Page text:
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A History of Spain by Charles E. Chapman

Difficulties over questions of etiquette


[Sidenote:

Difficulties over questions of etiquette and of jurisdiction.]

The nobles and the church were the most powerful elements in opposition; even though their authority was but little, as compared with that of earlier years, they were still able to hinder the execution of laws which damaged their interests. Nearly everyone seemed to have an exemption from taxation, or desired it, but the reformers set themselves resolutely against that state of affairs. Their success against the force of vested interests was only fair, for that element was too great to overcome; the very bureaucracy itself displayed a weakness in this particular, for it insisted on the maintenance of a custom which had sprung up that government officials might buy certain articles at a fixed price, whatever the charge to others. This calls to mind the overwhelming evil of graft, which it seemed impossible to eliminate; indeed, high officials were altogether too prone to regard it as a more or less legitimate perquisite, and did not hesitate to accept large gifts of money from foreign diplomats. Difficulties over questions of etiquette, inherent in a centralized bureaucratic government, also stood in the way of the proper execution of the laws. For example, a serious dispute arose in 1745 between the bishop of Murcia and the Inquisition, when the latter claimed that the members of that body should have a better place in church than others. It was at length decided that they should

not. In 1782 the commandant-general of Majorca complained that the wives of the _oidores_ of the _audiencia_ had not called on his wife on the occasion of the king's birthday. He was sustained, and the _regente_ (regent, or president) of the _audiencia_ was imprisoned for a number of months by way of punishment. Several years later the ladies of Palma complained that the wife of the commandant-general was in the habit of going out in the street with an armed escort and demanding a military salute. This time the ladies were upheld, and the escort was prohibited. These are only a few instances out of thousands, and if there was so much stir over such trifling matters it can well be imagined how much more serious the problem was in the case of disputes between officials as to jurisdiction. Official etiquette is an important matter in all countries, but Spaniards have always been insistent on the letter of their rights and very sensitive over the omission of any act to which their position entitles them. Furthermore, these controversies carried in their train vast files of papers, of charges, answers and countercharges, and the evidence of witnesses. These questions had to be resolved, causing great expenditure in both time and money. No country was ever more diligent than Spain in the multiplication of state papers over affairs which ranged from those of vital importance to the most trivial incidents. The historian may have cause to rejoice over the existence of so much material, but the nation suffered,--although it is difficult to see how its contemporary accumulation could have been avoided in an absolutism like that of the Spanish Bourbons.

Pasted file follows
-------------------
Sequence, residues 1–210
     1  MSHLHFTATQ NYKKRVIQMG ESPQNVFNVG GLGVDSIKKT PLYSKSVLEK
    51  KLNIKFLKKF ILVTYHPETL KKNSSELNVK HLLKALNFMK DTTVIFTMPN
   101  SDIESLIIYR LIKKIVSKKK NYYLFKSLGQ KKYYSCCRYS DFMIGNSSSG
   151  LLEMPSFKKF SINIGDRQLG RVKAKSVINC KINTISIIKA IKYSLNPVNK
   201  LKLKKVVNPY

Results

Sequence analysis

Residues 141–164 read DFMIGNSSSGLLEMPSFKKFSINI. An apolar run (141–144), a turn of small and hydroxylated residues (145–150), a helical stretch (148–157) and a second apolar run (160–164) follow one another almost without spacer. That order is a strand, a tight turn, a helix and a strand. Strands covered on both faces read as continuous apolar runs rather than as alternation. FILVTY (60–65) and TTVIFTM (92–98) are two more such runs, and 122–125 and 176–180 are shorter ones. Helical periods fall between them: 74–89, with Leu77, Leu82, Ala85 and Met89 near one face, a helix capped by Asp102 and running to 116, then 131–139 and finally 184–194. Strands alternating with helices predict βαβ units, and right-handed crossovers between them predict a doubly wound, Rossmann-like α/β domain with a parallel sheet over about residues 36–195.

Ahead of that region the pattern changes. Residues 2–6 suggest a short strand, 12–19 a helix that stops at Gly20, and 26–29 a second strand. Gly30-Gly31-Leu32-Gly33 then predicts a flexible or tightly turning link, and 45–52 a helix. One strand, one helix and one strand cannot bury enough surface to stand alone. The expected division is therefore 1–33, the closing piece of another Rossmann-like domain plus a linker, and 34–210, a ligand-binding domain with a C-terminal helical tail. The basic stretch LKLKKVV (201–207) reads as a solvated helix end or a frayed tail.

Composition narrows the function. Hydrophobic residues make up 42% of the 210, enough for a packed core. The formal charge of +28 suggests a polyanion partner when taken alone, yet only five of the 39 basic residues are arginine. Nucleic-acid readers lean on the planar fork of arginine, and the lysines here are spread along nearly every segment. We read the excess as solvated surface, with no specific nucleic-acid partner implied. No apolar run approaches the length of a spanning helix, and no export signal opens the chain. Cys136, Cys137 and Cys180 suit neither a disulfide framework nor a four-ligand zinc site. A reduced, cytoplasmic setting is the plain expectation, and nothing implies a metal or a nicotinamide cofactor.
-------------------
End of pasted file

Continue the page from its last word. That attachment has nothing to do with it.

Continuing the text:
[Sidenote: Improvement of the army and ineffectual attempts at additional reforms.]

One of the principal objects of the reforms was the rehabilitation of the army and navy so that Spain might be in a better position in international affairs. In the army the volunteer system was employed for a while, but it was effective only in procuring contingents of foreign mercenaries and in filling the ranks of the royal guard. Gradually the idea of the draft came into favor, and it was tried


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